Lesson 2: Developing your own personal brand
Welcome to our second week of applying business principles to health and recovery. This week, I’d like to talk to you about the power of belief.
Branding is a term in marketing that helps us understand the intended customer experience. Donald Miller, in his book Building a Story Brand, describes branding as a transformational process: it’s a journey that offers promise of a desired final destination. Our “brand” is our aspirational identity. It’s how we want to feel. Branding is about helping to guide people toward a stronger belief in themselves.
Miller provides the example of Starbucks. When you purchase a Starbuck’s coffee, you’re buying much more than coffee. You’re buying an experience – a way of seeing yourself – sophisticated, chic, someone worthy of being treated to something special. The simple act of drinking coffee is transformed into an experience of savouring, and the price becomes secondary to the experience. Marketing genius.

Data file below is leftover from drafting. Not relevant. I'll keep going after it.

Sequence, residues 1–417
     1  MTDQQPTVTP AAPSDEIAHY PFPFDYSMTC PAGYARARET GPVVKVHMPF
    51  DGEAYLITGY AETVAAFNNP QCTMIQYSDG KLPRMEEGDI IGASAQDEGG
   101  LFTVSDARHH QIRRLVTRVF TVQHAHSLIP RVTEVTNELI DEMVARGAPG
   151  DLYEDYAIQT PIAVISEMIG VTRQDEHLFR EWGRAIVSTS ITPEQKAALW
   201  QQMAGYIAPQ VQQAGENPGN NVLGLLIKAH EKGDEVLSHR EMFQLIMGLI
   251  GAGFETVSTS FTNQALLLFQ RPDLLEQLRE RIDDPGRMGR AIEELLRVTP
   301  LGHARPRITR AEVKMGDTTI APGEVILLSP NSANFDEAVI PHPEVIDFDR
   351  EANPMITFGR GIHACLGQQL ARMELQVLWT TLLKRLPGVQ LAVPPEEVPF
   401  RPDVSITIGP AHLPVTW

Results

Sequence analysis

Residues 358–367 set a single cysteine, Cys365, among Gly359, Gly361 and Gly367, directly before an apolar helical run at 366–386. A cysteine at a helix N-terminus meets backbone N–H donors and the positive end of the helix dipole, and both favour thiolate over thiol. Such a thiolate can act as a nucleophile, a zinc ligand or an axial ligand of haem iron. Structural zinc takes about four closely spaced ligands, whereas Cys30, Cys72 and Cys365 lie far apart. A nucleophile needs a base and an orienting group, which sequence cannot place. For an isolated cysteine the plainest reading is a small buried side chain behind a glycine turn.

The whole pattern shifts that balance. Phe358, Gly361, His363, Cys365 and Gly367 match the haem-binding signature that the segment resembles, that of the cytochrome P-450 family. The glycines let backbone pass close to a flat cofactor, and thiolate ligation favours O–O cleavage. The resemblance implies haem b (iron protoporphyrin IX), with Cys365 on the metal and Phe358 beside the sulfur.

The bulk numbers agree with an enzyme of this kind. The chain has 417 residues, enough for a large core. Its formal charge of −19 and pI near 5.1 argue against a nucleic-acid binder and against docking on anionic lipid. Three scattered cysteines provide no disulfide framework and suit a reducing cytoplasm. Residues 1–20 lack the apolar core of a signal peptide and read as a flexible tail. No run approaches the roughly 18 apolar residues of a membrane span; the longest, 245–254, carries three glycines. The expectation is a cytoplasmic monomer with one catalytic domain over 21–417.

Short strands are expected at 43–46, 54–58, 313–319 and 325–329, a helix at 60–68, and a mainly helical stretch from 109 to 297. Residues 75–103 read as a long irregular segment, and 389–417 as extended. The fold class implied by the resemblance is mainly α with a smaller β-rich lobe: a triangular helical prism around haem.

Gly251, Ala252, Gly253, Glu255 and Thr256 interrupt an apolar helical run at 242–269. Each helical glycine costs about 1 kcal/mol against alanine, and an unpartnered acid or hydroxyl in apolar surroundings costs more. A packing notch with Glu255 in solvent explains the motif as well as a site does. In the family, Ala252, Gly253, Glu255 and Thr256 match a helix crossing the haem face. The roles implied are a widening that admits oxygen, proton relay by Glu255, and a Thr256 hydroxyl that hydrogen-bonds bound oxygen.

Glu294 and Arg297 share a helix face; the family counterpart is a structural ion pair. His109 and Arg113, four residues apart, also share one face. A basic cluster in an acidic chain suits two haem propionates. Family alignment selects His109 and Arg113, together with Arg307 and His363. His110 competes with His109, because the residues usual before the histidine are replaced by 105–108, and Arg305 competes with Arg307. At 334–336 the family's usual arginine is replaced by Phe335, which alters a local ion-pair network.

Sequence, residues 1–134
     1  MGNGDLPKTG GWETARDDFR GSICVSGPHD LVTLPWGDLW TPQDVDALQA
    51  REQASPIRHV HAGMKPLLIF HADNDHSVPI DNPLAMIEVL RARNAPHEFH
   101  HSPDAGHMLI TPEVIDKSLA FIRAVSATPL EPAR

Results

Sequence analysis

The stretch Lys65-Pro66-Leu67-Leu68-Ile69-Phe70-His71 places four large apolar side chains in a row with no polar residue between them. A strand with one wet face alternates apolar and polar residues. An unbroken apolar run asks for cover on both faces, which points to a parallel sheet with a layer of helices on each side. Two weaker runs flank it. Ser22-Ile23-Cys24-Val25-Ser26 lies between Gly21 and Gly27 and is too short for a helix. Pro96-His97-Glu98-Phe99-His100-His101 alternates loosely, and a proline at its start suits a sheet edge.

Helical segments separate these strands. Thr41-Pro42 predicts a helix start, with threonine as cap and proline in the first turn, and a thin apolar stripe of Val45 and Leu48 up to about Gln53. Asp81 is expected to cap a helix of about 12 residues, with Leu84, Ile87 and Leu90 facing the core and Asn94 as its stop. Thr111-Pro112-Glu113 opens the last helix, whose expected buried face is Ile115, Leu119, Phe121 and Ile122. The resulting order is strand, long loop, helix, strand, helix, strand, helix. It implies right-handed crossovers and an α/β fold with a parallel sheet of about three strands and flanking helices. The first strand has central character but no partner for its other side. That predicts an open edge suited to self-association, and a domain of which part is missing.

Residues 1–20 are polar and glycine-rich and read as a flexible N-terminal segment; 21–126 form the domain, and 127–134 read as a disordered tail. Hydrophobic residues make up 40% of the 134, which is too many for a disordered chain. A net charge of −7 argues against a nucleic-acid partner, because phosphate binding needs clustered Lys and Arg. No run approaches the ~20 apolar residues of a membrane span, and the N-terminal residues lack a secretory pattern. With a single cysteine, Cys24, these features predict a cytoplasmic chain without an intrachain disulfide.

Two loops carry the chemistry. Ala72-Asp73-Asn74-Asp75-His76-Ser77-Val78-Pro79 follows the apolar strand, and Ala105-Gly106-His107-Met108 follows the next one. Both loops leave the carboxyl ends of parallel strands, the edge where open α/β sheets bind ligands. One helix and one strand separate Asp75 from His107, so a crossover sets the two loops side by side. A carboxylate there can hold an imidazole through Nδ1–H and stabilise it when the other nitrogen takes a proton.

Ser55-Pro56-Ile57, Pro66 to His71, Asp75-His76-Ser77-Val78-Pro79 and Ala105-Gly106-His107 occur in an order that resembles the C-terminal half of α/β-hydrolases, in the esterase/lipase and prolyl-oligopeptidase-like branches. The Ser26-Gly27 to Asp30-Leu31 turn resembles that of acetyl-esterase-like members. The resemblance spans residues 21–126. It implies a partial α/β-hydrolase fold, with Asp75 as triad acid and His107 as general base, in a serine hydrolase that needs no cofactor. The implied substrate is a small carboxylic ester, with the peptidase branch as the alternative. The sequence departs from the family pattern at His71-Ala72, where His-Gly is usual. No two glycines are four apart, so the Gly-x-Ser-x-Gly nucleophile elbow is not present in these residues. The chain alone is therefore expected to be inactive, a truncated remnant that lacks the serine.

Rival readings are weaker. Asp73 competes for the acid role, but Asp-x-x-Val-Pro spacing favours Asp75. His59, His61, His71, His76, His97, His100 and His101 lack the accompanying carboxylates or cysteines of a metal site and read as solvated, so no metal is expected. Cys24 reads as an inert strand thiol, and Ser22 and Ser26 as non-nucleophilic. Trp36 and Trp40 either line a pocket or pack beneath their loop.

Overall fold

I think about how we describe ourselves to others, and wonder how our personal branding affects how we are perceived, and treated.
Do you view (and describe) yourself as an injured veteran or first responder? Or are you someone who is embarking on a journey of personal growth following traumatic exposure?
Are you unemployed, or taking time to learn more about yourself?
Are you exhausted, or rather, in need of a well-earned break?
Are you trying to recover what was lost, or looking to broaden who you can be?
Are you overwhelmed by emotions, or enriching your ability to feel and connect with others?
It’s worth considering how you want to feel, and being mindful to integrate these words into your internal vocabulary. Words are powerful, for they are the utterance of our internal brand.
Belinda Seagram, Ph.D., R. Psych.
Founder, Landing Strong